On his departure from the governor’s office at the Central Bank of Kenya, Prof Njuguna Ndung’u will probably tout increasing the reach of financial services to the unbanked during his tenure as one of his most significant achievements.
The financial inclusion numbers did not make for good reading in 2006, when just 26.4 per cent of Kenyans had access to formal financial services, with 35.2 per cent relying on informal services and the majority (38.4 per cent) excluded altogether.
The latest statistics show that by the end of 2013, 66.9 per cent of Kenyans had access to formal financial services. The size of the bankable population still reliant on informal services had shrunk to 7.8 per cent, while those excluded were at 25.3 per cent.
“It is significant that things like mobile money, agency banking, the additional currency centres and licensing of micro-finance banking institutions were all brought up during his tenure. As banks, it has given us a wider base on which to spread our services,” said the Kenya Bankers Association chief executive Habil Olaka.
The wide acceptance of mobile money and its co-option into the banking system stands out as the key driver of financial inclusion in Kenya.
Prof Ndung’u crucially backed Safaricom’s M-Pesa in 2007 and 2008 when banks were making a concerted effort to curb the growth of mobile money transfer services, with the lenders having the backing of some top Treasury officials in their endeavour.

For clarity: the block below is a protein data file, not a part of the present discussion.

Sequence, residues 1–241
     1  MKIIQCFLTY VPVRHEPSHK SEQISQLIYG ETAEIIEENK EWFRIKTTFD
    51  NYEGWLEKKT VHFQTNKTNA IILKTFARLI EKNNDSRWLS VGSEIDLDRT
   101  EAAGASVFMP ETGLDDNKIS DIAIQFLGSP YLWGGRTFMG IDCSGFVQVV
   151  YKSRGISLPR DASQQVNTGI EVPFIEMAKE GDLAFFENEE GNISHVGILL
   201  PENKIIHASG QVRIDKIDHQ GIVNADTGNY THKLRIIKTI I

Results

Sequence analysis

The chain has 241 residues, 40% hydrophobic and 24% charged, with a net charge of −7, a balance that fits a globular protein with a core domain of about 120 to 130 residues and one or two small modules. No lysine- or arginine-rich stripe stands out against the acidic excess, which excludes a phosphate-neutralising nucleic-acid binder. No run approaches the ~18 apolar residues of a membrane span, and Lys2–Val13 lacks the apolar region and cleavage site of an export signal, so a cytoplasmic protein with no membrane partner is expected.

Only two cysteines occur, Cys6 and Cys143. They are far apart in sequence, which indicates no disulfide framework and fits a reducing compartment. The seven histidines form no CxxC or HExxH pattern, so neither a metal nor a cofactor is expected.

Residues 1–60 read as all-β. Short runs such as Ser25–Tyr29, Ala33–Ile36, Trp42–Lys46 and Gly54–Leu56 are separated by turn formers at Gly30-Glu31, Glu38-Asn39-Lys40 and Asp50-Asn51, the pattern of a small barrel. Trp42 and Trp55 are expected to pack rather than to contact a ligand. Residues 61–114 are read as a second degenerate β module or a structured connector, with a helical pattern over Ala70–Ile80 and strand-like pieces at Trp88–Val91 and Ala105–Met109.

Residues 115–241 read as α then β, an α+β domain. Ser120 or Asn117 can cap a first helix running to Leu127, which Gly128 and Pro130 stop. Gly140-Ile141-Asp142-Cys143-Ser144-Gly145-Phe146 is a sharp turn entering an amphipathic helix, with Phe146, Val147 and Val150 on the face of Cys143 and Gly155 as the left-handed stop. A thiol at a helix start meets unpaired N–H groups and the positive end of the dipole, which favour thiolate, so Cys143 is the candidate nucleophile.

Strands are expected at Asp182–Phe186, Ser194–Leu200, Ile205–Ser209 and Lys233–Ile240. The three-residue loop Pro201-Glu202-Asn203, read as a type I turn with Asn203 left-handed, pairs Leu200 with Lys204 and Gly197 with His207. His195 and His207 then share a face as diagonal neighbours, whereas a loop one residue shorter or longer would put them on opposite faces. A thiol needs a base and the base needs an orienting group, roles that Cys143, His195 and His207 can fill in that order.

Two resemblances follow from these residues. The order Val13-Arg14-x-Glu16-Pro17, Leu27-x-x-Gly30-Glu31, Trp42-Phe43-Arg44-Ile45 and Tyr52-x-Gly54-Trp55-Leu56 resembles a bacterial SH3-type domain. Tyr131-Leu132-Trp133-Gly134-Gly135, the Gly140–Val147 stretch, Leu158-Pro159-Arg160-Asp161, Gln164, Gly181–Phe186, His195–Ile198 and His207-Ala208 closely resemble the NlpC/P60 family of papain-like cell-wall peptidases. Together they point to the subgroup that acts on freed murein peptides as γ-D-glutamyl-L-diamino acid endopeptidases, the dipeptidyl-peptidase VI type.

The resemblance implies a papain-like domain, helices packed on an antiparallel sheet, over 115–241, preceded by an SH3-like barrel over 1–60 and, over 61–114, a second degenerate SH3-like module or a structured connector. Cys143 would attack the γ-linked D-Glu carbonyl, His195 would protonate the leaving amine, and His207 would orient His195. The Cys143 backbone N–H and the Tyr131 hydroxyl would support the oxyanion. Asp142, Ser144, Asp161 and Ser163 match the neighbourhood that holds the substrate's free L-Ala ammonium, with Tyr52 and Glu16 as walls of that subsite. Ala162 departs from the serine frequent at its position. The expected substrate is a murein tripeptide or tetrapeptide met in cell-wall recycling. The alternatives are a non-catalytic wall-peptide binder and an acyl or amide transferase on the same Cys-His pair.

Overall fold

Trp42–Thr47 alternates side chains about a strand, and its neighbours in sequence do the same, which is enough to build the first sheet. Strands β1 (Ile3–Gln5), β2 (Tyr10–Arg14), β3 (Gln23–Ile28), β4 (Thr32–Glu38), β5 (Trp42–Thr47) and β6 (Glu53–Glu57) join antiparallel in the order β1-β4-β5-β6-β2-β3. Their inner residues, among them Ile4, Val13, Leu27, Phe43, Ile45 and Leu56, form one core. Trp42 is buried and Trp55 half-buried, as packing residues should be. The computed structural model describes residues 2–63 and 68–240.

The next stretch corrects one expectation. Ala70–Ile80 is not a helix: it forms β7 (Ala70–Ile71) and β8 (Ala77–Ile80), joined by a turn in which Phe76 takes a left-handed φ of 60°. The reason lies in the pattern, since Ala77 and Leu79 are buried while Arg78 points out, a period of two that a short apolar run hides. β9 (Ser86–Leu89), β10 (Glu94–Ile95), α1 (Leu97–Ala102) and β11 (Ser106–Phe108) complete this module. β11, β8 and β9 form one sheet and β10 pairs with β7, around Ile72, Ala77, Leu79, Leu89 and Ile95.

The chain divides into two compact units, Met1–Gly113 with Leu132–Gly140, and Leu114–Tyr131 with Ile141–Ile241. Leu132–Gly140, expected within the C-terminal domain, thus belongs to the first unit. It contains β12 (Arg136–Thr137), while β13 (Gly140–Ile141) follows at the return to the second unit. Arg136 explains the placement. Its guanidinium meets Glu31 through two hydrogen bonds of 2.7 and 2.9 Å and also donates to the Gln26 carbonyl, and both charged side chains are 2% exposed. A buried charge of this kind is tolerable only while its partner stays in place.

The banks, keen to protect their turf, argued that the mobile companies were not allowed to carry out the services as per the Banking Act, and the governor’s backing of this view would most likely have slammed the brakes on the nascent mobile money services.
Today, nearly all banks have integrated mobile money into their systems and are among the leading innovators in utilisation of the technology.
Mobile phone money transactions in December last year were valued at an average of Sh7.27 billion per day, with a total user base of 25.2 million Kenyans.
Agency banking, introduced in May 2010, has allowed banks to reach more people at a lower cost, and today there are over 35,000 agents.
As a result, 76.7 per cent of Kenyan’s now have a financial service within a five-kilometre radius, which is the highest level of access in Africa.
Other developments in the financial sector that came up during Prof Ndung’u’s tenure include the licensing of deposit-taking micro-finance institutions, the first being Faulu Kenya in May 2009.
To date, nine more have been licensed across the country, the latest being Daraja MFB last month.